2. Barolo Baudana Luigi Baudana 2010 The Vajra family have bought their skills at producing wines of exceptional bouquet and gentle tannins to their recently acquired vines in Serralunga from the Luigi Baudana estate, now run by son, Giuseppe.

Baudana and Ceretto are their top wines and here we have a graceful Barolo of great class which will deserve and require ageing to show its full gamut of glorious aromas and flavours. A superb violet-scented bouquet, supported by full and seductive perfumed flavour and gentle tannin. Drink 2020 to 2030. 14% IT19161

  1. Barolo Ornato, Pio Cesare 2010 The Pio Cesare family have been producing traditional Piedmontese wines in their ancient cellars in the centre of Alba for five generations. Ancient, because although the winemaking equipment is completely up to date, and the underground cellars fairly recently extended, the thick Roman walls are a clearly visible part. Founded in 1881 by Cesare Pio, the company is now led by his great grandson, Pio Boffa, assisted by his nephew Cesare Benvenuto.

Pio Cesare own more than 65 hectares of vineyards located in the most highly rated and better exposed areas. Within Barolo, they have Ornato and Colombaro in Serralunga, Gustava in Grinzane Cavour, Roncaglie in La Morra and Ravera in Barolo-Novello. Within Barbaresco they own Il Bricco and San Stefanetto in Treiso.

The 2010 Ornato is a serious single-vineyard Barolo of great quality and potential, built for long-term development. Ornato is in the commune of Serralunga, known for its robust, structured keeping wines. This has splendid depth of flavour and class, reminiscent of their classic 2004 vintage.

The vines are on limestone and clay, 5000 vines/ha, with a yield of 45 hl/ha. Fermented in stainless steel with skin contact for 15 days followed by aging 36 months 70% in new midtoasted French barriques, 30% in 25 hl casks. About 7500 bottles are made.

Drink 2020 to 2030. 14.5% IT18771

  1. Barolo Cannubi, Luigi Einaudi 2008 Einaudi is based in Dogliani the home town of Luigi Einaudi, Italy’s first democratically elected president, who produced wine from the age of 23 with 12 hectares here in 1897. His grandson, Matteo Sardagna, the current owner now has 52 hectares of vines, with 8 hectares in Barolo, 2 ha in Monforte and 5 ha in Neive all of nebbiolo. The rest is in Dogliani and Farigliano. Since 1993 all the wine is made in the handsome cellars. The family house is now a bed and breakfast. The composer Lodovico Einaudi was Matteo’s cousin.

The best wines of Cannubi are famous for their fragrant bouquet, which this shows to perfection, supporting it with a voluptuous, full, velvety palate. Still improving and good for a decade more but memorably fine already. Drink 2020 to 2030. 14.5% NA


Full tasting notes above.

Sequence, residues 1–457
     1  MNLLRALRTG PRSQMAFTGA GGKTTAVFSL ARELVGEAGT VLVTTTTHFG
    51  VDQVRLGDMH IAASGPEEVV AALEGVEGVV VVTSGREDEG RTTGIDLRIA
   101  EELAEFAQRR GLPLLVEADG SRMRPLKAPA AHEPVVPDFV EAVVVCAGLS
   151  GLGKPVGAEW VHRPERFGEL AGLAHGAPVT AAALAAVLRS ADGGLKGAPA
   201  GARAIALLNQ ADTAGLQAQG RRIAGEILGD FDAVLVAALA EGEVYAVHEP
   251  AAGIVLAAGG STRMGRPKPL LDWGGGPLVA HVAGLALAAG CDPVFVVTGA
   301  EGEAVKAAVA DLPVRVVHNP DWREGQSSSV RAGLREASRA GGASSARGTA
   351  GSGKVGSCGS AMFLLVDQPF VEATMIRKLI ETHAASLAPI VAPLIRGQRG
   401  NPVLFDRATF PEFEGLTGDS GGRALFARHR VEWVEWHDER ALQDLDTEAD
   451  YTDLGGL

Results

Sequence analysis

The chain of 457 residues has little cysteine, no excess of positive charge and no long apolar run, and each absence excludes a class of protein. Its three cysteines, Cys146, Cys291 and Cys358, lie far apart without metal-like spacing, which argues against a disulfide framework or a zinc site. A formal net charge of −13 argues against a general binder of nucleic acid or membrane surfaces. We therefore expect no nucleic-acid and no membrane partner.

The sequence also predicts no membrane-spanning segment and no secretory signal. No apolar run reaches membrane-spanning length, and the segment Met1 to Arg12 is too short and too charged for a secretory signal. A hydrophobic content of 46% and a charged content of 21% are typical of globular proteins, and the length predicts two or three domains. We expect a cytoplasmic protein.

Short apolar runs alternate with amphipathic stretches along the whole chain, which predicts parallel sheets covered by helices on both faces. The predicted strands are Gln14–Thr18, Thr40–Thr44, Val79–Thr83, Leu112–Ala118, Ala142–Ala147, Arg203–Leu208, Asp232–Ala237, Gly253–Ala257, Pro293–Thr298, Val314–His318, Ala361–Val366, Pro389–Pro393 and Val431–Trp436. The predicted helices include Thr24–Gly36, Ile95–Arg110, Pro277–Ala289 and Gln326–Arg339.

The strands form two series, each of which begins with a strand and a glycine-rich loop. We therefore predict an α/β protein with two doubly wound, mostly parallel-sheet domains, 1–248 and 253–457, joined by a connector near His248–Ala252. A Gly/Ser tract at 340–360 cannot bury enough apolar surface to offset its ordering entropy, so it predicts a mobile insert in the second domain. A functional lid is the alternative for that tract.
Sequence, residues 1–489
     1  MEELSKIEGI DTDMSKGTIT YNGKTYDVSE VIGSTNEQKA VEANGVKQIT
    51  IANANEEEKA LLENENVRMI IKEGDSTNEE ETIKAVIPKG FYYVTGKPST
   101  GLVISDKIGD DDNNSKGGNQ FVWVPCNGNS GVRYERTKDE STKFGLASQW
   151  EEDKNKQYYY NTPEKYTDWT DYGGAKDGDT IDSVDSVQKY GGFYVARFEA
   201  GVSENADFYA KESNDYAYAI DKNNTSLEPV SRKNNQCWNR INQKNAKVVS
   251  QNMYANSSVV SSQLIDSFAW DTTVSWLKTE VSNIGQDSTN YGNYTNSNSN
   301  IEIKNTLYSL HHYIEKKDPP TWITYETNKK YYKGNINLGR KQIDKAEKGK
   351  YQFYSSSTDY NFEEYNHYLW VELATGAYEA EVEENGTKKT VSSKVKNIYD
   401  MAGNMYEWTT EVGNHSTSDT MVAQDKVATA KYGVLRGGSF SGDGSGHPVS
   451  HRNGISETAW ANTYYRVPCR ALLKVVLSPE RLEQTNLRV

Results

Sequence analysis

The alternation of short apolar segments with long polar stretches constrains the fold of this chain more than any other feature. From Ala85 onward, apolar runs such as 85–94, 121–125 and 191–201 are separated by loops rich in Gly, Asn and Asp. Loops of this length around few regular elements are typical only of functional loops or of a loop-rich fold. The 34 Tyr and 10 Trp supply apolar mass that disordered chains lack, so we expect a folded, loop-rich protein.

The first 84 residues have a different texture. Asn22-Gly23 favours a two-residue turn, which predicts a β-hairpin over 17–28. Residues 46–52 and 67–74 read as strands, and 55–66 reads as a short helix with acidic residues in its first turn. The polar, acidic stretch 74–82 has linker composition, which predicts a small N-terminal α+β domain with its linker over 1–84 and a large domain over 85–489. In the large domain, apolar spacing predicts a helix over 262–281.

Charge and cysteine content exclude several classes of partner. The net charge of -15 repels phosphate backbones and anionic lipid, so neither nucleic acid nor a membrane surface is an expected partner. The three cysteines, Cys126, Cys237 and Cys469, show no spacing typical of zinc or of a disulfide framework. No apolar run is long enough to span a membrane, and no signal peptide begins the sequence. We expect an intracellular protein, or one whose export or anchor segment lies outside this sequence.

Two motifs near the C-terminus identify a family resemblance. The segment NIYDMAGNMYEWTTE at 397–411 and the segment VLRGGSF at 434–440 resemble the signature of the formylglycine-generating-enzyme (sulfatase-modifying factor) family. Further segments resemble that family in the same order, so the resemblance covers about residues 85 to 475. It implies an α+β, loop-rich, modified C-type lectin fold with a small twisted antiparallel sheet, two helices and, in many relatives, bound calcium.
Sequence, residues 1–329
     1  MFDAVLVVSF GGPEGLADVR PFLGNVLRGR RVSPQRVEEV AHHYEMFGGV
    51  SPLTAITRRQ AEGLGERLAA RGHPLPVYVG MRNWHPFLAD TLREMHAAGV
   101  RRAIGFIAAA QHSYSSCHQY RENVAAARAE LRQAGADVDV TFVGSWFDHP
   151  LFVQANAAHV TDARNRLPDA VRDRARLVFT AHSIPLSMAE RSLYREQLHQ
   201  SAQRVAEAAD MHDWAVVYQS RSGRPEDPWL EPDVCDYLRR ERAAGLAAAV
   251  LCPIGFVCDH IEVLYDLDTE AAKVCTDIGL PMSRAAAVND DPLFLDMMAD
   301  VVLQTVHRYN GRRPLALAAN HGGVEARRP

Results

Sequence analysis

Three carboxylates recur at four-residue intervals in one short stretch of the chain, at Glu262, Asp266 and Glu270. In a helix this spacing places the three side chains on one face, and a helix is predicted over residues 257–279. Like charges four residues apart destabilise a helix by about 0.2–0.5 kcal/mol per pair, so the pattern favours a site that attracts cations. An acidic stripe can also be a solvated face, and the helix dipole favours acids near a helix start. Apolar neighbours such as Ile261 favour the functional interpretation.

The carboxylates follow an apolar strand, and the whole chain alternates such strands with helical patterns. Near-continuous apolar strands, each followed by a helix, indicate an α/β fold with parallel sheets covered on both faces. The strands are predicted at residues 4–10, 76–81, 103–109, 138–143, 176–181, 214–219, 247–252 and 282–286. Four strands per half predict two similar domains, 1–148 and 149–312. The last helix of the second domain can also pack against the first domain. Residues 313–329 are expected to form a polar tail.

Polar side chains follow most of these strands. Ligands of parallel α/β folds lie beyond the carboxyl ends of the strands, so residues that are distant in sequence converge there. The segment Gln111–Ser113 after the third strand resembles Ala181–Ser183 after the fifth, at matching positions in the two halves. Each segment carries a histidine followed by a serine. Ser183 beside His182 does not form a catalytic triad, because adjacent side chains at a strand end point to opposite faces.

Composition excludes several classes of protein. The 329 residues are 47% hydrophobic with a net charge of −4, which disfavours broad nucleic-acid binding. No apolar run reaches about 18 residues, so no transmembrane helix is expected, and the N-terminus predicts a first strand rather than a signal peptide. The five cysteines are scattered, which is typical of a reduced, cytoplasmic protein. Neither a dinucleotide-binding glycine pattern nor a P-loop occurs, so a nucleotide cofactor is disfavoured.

The 2010s were interesting. All very good, but my personal favourite was the Ornato from Pio Cesare. Massive, opulent and very heady.

I don’t remember as much about the 2008 Cannubi but I wasn’t as impressed by it as the 2010s.

However, the bottle of M&S Barolo on the train home was a mistake, in every sense.


Ending the evening ‘not with a bang, but with a whimper’…?

Never mind, sounds like you had a smashing evening and tasted some great wines! :+1:


Surely most of these wines are painfully young? And it being nebbiolo, I mean “painfully”!


Nothing painful at all. However, a lot of potential on show and Sebastian did say he felt like a bit of a baby killer when talking about the 2010s! There were three fantastic Italian cheeses to accompany the crackers, which really enhanced the wine. I learned that nebbiolo loves fat and the blue cheese from Piedmont was perfect.

There was much swirling of glasses, but apparently they’d been working for a few hours with decanters and other gadgets and the wines had been poured (into the massive glasses you see above) before we arrived.

I think they got it spot on, because the evolution in the glasses over the course of the evening was interesting and notable.


I was whimpering a little this morning, but yes a smashing evening.


Glad it was a good evening, and wines not too young. Have to say any Barolo or barbaresco I’ve had from this century made me wish I’d waited a bit longer. Hoping to get to the 01s soonish!


Thanks @suiko,

Wish I had that kind of cellar!

It would have been fantastic to show us the ageing potential first hand with a fully mature example, but apparently TWS simply don’t have any older Piedmont Nebbiolo.


ooooooh … I’ll bet somewhere in a darkened corner of a warehouse there is some Barolo sleeping quietly waiting for the right maturity to be released.:yum:


These bottles are from when i started buying, round about 2003/4. In those days I could actually afford this stuff - these wines are completely out of my league now, sadly!


It’s scary. We were discussing exactly that before going. The value I can appreciate from a bottle of £50 (and upwards) Barolo doesn’t make it a realistic prospect to buy. My palate isn’t refined enough to appreciate it and my bank account isn’t bulging enough to afford it.

Having said that, it’s what’s make events like the tasting on Tuesday such a treat. The commentary and guidance from Sebastian were perfectly pitched and not a duff note amongst all the wines


Only going to get a whole lot worse after the Brexit disaster :cry: Fortunately there are still plenty of less heralded areas to fill the increasingly yawning gaps!


"and my bank account isn’t bulging enough to afford it."

To say nothing of suffering the wrath of the ‘powers that be’ if you bought a (half) case of wine for £460… (i speak purely for myself, naturally).